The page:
A fireball (very bright meteor) flashes against the coalsack nebula and the Southern Cross in the night sky above Murchison Widefield Array radio telescope antennas. The fireball left a glowing trail that dissipated over several minutes. The southern Milky Way and our neighboring dwarf galaxies the Large and Small Magellanic Clouds are also visible in this south-looking image. Click on the second photo to see another view of this scene during twilight.
Emerging out of the Western Australian outback MWA is a remarkable telescope for radio astronomy where more than 2000 antennas are spread across 3 square kilometers, in 128 groups of dual-polarisation dipole antennas. Unlike steerable radio telescope dishes, these antennas contain no moving parts. Instead, advanced signal computer processing is used to focus the antennas on different parts of the sky. Murchison is over 800 km away from Perth, the capital of the Western Australia, and the vast area has very few population. Not only can extremely faint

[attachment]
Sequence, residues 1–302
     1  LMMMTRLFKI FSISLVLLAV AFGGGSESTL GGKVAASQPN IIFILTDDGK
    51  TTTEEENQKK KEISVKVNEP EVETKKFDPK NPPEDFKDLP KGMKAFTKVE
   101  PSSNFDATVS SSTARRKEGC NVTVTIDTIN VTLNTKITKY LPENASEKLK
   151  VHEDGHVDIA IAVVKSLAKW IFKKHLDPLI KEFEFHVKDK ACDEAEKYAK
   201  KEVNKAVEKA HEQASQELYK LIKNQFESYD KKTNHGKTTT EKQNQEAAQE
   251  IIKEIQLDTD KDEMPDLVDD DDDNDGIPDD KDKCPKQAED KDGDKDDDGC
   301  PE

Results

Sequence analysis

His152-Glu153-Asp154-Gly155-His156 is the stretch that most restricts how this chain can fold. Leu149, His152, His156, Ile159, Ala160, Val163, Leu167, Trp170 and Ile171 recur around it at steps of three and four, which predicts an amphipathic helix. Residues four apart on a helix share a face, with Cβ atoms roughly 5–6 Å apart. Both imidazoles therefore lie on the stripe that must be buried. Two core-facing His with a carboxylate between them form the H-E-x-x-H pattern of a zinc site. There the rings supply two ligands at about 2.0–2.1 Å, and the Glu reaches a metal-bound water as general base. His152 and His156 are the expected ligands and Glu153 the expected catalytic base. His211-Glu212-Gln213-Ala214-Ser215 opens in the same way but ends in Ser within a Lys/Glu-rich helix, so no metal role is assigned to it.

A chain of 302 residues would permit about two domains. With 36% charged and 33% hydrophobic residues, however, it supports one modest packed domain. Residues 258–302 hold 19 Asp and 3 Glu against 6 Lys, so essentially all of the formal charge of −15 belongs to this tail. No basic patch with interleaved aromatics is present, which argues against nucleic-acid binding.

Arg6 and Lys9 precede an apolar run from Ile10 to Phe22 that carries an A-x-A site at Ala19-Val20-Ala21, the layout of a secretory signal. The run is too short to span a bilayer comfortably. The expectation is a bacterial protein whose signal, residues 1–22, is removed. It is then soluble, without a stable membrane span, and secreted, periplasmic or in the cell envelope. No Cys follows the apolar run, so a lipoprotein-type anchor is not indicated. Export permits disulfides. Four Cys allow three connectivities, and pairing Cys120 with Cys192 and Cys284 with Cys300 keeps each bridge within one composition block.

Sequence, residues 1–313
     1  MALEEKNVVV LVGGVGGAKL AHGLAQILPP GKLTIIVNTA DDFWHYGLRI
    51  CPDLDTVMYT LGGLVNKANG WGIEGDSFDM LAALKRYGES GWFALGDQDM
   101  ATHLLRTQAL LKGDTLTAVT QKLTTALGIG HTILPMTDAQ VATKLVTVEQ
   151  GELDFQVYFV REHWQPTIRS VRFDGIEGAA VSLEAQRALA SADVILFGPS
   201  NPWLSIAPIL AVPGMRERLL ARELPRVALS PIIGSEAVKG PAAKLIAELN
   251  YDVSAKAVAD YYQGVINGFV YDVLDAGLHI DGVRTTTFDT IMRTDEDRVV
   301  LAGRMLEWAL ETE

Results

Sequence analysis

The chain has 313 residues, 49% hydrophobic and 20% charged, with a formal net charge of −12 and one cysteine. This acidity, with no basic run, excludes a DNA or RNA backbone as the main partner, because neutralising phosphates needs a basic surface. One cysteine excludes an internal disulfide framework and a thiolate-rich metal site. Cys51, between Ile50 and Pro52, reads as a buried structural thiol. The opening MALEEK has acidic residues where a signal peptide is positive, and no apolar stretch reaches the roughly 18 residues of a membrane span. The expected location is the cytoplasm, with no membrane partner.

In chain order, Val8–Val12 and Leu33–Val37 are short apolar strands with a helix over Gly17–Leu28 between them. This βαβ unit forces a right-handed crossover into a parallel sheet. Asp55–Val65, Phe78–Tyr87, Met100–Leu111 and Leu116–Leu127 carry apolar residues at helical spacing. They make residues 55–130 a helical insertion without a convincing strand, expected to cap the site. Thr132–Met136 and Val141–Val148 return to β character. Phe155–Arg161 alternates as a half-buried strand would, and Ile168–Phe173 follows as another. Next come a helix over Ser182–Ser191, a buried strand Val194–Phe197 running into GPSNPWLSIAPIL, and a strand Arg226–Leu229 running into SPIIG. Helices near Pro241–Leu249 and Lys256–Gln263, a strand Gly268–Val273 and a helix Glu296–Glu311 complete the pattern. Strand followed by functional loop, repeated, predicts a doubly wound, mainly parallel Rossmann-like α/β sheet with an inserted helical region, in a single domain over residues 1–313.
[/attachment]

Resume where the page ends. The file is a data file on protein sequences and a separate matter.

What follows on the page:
cosmic radio wave be detected in this radio-silent area, but the night sky is also extremely dark, giving spectacular views of the cosmos.



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